#1 Meat isn’t a requirement. Meat, of almost every variety, is one of the most expensive ingredients one is likely to use in cooking. Whether we like it or not meat production is far more resource intensive than arable farming. There are, however, two ways in which one can negate the expense of meat. Firstly, when using meat make certain not to over-estimate the amount required. As a general rule 100g of meat per person will suffice. Secondly, attempt to cut down on the number of meat based dishes you prepare. Remember, pulses such as lentils can be adequate, and often superior, replacements for dead animals.
#2 Seasonality is both frugal and tasty. This may seem obvious, but buying ingredients when they are in season, and therefore in greater abundance, can save one an awful lot of money. Another advantage to buying in season is that the taste of the food will be noticeably better since it won’t have been forcibly grown or shipped in from an obscure part of the world.
#3 Treat yourself cleverly. Being frugal doesn’t necessarily mean that one must avoid pricey ingredients. Instead, showcase the attributes of each and every expense by using no more than one or two in each meal. There isn’t any need to disguise the delicious flavour of asparagus, for example, behind another strong flavour. It is also advisable to be able to recognise the flavour profile of each ingredient. For instance, parmesan cheese has a rather punchy taste and can therefore be used parsimoniously.
#4 It takes a little planning. By planning a weekly menu in advance you can avoid purchasing unnecessary items. Be wary of the allure of ridiculous supermarket offers, it is likely that you’ll end up buying food that will ultimately be wasted. There’s nothing more expensive or immoral than sheer waste.
#5 There’s nothing wrong with a little familiarity. By using similar ingredients in different meals throughout the week, one can save a little money by using up every last ingredient. Happily, this also avoids rather a lot of waste, since a lot of fresh ingredients may not sit around waiting to be eaten. It’s also worth being conscious of which fresh foods can be frozen, bean-sprouts for instance.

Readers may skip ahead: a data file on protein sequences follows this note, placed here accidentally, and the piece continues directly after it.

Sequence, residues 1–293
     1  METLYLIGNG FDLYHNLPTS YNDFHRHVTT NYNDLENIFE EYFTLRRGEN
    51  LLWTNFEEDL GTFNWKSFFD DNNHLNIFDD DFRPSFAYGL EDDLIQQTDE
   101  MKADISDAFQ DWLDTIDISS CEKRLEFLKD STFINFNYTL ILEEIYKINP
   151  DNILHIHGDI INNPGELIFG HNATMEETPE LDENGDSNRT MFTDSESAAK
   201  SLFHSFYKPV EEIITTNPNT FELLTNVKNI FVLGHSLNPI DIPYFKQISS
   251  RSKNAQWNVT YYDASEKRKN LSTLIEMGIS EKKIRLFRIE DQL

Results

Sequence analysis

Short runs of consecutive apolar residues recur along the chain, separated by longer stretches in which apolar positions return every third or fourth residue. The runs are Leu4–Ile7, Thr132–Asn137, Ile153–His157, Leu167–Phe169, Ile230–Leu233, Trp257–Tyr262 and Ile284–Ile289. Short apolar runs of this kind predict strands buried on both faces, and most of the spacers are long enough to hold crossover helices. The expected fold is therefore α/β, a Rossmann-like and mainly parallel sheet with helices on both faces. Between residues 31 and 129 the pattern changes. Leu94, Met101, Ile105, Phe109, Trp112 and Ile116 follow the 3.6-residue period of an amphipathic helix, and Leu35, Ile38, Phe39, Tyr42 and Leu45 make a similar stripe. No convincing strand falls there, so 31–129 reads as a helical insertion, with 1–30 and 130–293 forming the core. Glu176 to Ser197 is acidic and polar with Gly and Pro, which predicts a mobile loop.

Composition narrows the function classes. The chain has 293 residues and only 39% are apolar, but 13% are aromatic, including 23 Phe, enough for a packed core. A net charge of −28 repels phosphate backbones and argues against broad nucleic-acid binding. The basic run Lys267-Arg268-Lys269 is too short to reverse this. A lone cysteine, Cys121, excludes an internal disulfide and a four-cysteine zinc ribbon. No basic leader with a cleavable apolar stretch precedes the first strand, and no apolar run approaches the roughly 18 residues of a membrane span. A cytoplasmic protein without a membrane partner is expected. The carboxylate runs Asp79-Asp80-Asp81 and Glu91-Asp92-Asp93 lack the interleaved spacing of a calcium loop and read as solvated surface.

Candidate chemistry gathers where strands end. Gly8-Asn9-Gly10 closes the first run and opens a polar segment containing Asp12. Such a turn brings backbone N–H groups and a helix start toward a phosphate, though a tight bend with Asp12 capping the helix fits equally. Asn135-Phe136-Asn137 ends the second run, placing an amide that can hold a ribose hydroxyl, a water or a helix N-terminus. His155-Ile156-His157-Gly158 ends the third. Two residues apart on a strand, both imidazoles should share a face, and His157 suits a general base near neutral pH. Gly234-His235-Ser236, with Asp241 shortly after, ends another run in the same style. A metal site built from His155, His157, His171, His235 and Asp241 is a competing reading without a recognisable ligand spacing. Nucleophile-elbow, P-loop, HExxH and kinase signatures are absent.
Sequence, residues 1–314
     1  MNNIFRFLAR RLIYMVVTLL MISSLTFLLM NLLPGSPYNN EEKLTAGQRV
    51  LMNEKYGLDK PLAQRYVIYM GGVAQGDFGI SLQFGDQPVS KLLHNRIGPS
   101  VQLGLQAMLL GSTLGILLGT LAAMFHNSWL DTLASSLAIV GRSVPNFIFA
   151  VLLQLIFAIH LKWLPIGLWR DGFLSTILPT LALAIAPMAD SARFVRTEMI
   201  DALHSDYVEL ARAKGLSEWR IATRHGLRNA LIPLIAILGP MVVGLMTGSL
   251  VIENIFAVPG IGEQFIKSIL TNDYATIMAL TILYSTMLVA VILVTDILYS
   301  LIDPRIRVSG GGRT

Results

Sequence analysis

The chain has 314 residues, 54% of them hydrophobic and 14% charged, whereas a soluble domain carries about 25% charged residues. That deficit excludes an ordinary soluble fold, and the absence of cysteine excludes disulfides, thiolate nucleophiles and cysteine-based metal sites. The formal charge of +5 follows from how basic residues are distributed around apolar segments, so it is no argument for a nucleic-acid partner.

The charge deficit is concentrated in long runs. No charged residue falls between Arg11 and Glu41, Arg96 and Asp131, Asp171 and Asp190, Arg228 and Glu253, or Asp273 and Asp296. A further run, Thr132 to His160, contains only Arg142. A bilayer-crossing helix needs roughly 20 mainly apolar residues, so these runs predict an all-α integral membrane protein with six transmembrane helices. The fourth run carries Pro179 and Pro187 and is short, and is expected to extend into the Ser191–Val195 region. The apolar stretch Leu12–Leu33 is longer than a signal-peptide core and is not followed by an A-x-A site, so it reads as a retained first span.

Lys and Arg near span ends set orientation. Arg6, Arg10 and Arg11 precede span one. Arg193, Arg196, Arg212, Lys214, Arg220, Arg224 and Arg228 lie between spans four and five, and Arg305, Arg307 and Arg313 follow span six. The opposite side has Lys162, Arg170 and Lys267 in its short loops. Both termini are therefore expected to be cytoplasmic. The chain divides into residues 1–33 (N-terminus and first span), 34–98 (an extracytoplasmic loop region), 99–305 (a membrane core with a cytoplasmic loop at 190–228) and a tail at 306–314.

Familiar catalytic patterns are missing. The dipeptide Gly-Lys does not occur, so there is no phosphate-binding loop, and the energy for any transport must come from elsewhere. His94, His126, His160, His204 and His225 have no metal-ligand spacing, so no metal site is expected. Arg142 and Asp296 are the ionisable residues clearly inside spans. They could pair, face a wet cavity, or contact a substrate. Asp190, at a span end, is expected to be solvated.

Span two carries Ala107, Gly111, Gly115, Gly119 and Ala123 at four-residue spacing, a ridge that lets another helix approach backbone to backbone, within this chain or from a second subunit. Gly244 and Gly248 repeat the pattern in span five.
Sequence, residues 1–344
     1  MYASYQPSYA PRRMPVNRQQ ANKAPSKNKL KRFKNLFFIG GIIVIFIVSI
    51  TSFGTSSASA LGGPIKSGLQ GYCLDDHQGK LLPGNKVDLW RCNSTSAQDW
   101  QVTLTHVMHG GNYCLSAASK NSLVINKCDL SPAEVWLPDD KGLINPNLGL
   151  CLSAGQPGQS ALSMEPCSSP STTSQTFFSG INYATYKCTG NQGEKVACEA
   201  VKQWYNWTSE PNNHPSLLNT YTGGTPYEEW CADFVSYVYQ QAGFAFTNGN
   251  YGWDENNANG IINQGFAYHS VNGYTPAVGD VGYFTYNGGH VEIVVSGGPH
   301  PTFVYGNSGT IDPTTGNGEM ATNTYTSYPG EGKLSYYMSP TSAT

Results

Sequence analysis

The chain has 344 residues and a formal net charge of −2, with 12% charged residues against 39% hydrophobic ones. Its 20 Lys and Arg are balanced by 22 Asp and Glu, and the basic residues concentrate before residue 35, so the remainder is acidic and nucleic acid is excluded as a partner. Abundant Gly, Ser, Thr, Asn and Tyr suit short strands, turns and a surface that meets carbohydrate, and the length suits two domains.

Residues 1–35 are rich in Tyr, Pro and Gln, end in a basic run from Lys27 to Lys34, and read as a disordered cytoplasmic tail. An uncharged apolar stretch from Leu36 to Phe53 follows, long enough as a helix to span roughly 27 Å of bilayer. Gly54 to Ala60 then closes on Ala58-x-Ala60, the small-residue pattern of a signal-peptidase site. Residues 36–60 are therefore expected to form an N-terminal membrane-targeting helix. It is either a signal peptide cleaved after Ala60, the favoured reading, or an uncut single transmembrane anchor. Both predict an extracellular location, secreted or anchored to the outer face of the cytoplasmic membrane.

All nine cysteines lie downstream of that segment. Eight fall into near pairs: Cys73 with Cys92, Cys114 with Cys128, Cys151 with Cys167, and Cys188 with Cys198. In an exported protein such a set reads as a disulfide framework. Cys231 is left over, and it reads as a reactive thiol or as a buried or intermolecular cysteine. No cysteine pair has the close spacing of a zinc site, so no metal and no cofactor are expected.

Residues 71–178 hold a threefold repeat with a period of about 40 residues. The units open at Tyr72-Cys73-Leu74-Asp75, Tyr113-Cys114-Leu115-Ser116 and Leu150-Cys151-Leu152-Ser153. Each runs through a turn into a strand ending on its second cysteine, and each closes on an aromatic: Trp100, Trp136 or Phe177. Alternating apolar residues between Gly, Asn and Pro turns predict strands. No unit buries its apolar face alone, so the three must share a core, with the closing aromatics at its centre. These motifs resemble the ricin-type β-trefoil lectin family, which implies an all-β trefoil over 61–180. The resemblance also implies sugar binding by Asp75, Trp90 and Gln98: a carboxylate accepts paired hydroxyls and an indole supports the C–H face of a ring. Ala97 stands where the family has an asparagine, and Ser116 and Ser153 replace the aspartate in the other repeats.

#6 Bulk, bulk and more bulk. Help make your food go that little bit further by bulking-up stews, casseroles and other one-pot dishes with lentils and finely chopped vegetables. A stick of celery or a handful of red lentils can go a long way and may help you squeeze an extra serving or two out of each meal. This can also be helpful if you have a busy day on the horizon.
#7 Cooking in advance goes a long way. Meals needn’t be prepared one at a time – producing double portions can go a long way to saving you time and money. It’s important to remember that buying in bulk is often cheaper, so plan what you’re going to make and take advantage of special offers and seasonal ingredients. Cooking one meal and then reheating it will also require less energy and time than preparing two separate meals. It can pay to plan ahead.
#8 Save your wage! Preparing lunch for the week can take as little time as 15-20 minutes every other evening. Why not whip up a little pasta salad, or a wrap full of carrot and coriander hummus? Time spent indulging in a little extra cooking could go a long way and save you in excess of £30 per week. In my case, that’s enough money to buy food for two weeks!
#9 Back to the drawing board. Every one of us submits to the temptation of ease from time to time. Supermarkets, for instance, are the height of convenience and can often seem like safe havens after a long day in the office. However, donating a little more of your time to preparing a meal from its constituent parts can pay dividends, I assure you – even commodities like peanut butter can be whipped up in a flash. Taking this tack also has the added benefit of allowing you to regulate what goes into your diet.
#10 Get baking! It’s necessary to buy bread and cake from time to time – life can often be unrelenting. However, knocking up some cakes for weekday treats, or baking a couple of simple white loaves of a Sunday afternoon can do wonders for one’s wallet. Go back to basics – you’ll find it tastes better and saves you money.
#11 The freezer is your friend. Naturally, cooking in advance (see #7) is likely to yield excess food. In this case, in particular, waste would make little sense and be violently frowned upon. So, as the title suggests, make use of your freezer and save yourself a meal for a later date. Besides you wouldn’t want to eat the same thing two nights on the trot!